This past month — and for the fourth year in a row — I visited California's San Mateo County Event Center for the granddaddy of Maker Faire events, a celebration of home-baked technology projects and DIY attitudes. Over 125,000 people visited the Maker Faire to check out all kinds of creations, share ideas and get inspired to build something themselves.
The Maker Movement started a little over a decade ago, with a heavy focus on fields like robotics, circuitry and computer hardware. But over time — and in part thanks to Maker Faire events and Maker Magazine — the movement gained steam and diversity. Today, makers are creating everything from robot cars to quilts and fresh honey.
At this year's show, crowds were treated to swimming drones, a robotic giraffe, and even an all-electric Porsche 911. Microsoft's booth was packed with kids learning how to code. Virtual reality had a big presence, with Microsoft and HTC both demoing their respective technologies. And Google's "soldering booth," meanwhile, was a big hit with the kids in attendance, as were the drone races.
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Maker Faire events have drawn lots of attention from big technology companies, including Intel, Microsoft, Google and others. And for good reason: Many of their employees of the future may get their first taste of tech at these events — kids who attend Maker Faires may be inspired to become tomorrow's scientists, engineers, programmers and more.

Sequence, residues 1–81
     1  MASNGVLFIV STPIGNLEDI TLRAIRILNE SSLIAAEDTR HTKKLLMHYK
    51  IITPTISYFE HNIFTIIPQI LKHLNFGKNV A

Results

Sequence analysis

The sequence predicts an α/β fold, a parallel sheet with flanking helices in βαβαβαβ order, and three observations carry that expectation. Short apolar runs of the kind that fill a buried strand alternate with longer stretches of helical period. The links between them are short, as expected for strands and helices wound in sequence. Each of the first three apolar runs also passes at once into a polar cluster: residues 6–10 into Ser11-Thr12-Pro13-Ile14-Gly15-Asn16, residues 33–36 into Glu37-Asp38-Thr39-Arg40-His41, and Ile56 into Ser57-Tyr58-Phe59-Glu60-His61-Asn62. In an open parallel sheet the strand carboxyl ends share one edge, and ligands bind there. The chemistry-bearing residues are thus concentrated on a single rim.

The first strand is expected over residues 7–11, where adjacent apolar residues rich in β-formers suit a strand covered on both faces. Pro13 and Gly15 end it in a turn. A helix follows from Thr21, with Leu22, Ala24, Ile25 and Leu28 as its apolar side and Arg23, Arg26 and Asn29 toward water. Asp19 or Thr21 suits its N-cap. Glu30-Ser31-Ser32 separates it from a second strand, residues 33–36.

What I wrote about Maker Faires last year holds true today:
"The Maker Faires' true importance lies in its focus on getting kids interested in making things. Over the last few years, I have written multiple pieces on STEM focusing on how companies around the world are backing STEM-based programs. All of them see how important these disciplines will be in the future. Still more germane to them is the real concern that if we cannot get kids trained in the sciences, we will not have the engineers and scientists to run our companies in the future."
Although the Maker Faire delights people of all ages, it's the kids who show the greatest enthusiasm and joy as they go from booth to booth. What makes the Maker Faire so unique is that it presents technology in a hands-on way, with less focus on the math and science behind what's happening. And while Maker Faire events certainly attract plenty of boys, I see more girls — and a more diverse crowd in general — every year, a good sign for technology's future.
While it's certainly fun and educational, there's a more important reason for the Maker Faire to exist. For many of the kids in attendance, it's a great introduction to Science, Technology, Engineering and Math, or STEM (You could also add art, for STEAM). These will be vital skills for today's kids moving forward as technology will continue to impact every kind of career path. For many of them, the Maker Faire could be the catalyst that steers them towards the jobs of the future.
Tim Bajarin is recognized as one of the leading industry consultants, analysts and futurists, covering the field of personal computers and consumer technology. Mr. Bajarin is the President of Creative Strategies, Inc and has been with the company since 1981 where he has served as a consultant providing analysis to most of the leading hardware and software vendors in the industry.
This article was originally published at Time.com